5.4: Applications of Polynomials
 Page ID
 51466
Learning Objectives
 Geometric Applications
 Write a polynomial representing the perimeter of a shape
 Write a polynomial representing the area of a surface
 Write a polynomial representing the volume of a solid
 Cost, Revenue, and Profit Polynomials

 Write a profit polynomial given revenue and cost polynomials
 Find profit for given quantities produced
In this section we will explore ways that polynomials are used in applications of perimeter, area, and volume. First, we will see how a polynomial can be used to describe the perimeter of a rectangle.
Example
A rectangular garden has one side with a length of \(2x + 3\). Find the perimeter of the garden.
[revealanswer q=”627193″]Show Solution[/revealanswer]
[hiddenanswer a=”627193″]The perimeter of a rectangle is the sum of its side lengths.
\(\left(x+7\right)+\left(2x+3\right)+\left(x+7\right)+\left(2x+3\right)\)
Regroup by like terms.
\(\left(x+2x+x+2x\right)+\left(7+3+7+3\right)\)
Add like terms.
\(6x+20\)
Answer
The perimeter is \(6x+20\).
[/hiddenanswer]
In the following video you are shown how to find the perimeter of a triangle whose sides are defined as polynomials.
The area of a circle can be found using the radius of the circle and the constant pi in the formula \(A=\pi{r^2}\). In the next example we will use this formula to find a polynomial that describes the area of an irregular shape.
Example
Find a polynomial for the shaded region of the figure.
[revealanswer q=”667228″]Show Solution[/revealanswer]
[hiddenanswer a=”667228″]
Read and Understand: We need to find a way to describe the shaded region of this shape using polynomials. We know the formula for the area of a circle is \(A=\pi{r^2}\). The figure we are working with is a circle with a smaller circle cut out.
Define and Translate: The larger circle has radius = r, and the smaller circle has radius= 3. If we find the area of the larger circle, then subtract the area of the smaller circle, the remaining area will be the shaded region. First define the area of the larger circle:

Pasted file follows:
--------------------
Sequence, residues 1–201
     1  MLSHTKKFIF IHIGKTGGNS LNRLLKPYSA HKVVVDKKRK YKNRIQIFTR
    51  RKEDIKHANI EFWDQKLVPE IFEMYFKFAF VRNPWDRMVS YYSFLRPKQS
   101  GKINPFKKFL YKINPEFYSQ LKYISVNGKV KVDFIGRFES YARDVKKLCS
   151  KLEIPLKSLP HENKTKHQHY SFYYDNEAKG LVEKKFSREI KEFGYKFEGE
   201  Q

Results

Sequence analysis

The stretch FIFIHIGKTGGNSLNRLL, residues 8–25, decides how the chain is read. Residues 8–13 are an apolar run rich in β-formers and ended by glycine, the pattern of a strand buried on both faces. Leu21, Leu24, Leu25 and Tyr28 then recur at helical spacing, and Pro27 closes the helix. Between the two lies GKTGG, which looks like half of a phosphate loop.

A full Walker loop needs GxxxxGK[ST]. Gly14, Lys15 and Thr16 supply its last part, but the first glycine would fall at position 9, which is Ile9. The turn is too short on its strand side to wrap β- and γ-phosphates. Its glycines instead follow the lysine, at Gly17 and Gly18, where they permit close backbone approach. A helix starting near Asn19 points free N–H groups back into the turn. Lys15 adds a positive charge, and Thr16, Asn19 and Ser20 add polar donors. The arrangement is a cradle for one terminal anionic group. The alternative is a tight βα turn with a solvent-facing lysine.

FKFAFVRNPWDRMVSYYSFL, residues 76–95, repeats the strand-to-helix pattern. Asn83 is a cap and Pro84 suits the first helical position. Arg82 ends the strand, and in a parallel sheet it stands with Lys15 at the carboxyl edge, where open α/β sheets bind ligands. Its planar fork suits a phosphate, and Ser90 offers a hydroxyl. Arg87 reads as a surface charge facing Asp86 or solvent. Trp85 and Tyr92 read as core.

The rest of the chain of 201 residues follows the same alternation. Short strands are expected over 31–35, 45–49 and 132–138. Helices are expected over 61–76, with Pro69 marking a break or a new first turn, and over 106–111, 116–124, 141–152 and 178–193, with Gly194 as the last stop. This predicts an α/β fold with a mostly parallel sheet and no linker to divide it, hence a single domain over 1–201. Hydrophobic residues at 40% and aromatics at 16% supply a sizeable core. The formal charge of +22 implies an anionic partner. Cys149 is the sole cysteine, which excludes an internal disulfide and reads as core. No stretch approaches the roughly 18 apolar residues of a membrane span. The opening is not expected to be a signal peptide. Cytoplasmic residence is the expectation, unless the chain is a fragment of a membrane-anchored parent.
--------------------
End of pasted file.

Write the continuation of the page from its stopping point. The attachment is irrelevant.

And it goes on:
\(A_{1}=\pi{r^2}\)
Then define the area of the smaller circle.
\(A_{2}=\pi{3^2}=9\pi\)
Write and Solve: The shaded region can be found by subtracting the smaller area from the larger area.
\(\begin{array}{c}A_{1}A_{2}\\=\pi{r^2}9\pi\end{array}\)
The area of the shaded region is \(\pi{r^2}9\pi\)
Answer
\(\pi{r^2}9\pi\)
[/hiddenanswer]
In the video that follows, you will be shown an example of determining the area of a rectangle whose sides are defined as polynomials.
A note about pi.
It is easy to confuse pi as a variable because we use a greek letter to represent it. We use a greek letter instead of a number because nobody has been able to find an end to the number of digits of pi. To be precise and thorough, we use the greek letter as a way to say: “we are including all the digits of pi without having to write them”. The expression for the area of the shaded region in the example above included both the variable r, which represented an unknown radius and the number pi. If we needed to use this expression to build a physical object or instruct a machine to cut specific dimensions, we would round pi to an appropriate number of decimal places.
In the next example, we will write the area for a rectangle in two different ways, one as the product of two binomials and the other as the sum of four rectangles. Because we are describing the same shape two different ways, we should end up with the same expression no matter what way we define the area.
Example
Write two different polynomials that describe the area of of the figure. For one expression, think of the rectangle as one large figure, and for the other expression, think of the rectangle as the sum of 4 different rectangles.
[revealanswer q=”15093″]Show Solution[/revealanswer]
[hiddenanswer a=”15093″]
First, we will define the polynomial that describes the area of the rectangle as one figure.
Read and Understand: We are tasked with writing an expressions for the area of the figure above. The area of a rectangle is given as \(A=lw\). We need to consider the whole figure in our dimensions.
Define and Translate: Use the formula for area: \(\begin{array}{c}l=\left(y+7\right)\\w=\left(y+9\right)\end{array}\)
You could define \(\begin{array}{c}w=\left(y+7\right)\\l=\left(y+9\right)\end{array}\) because it doesn’t matter in which order you multiply.
Write and Solve:
\(\begin{array}{c}A=lw\\l=\left(y+7\right)\\w=\left(y+9\right)\end{array}\),
We can use either method we learned to multiply binomials to simplify this expression, we will use a table.
\(+7\)  
\(y^2\)  \(+9\)  \(63\) 
Sum the terms from the table, and simplify: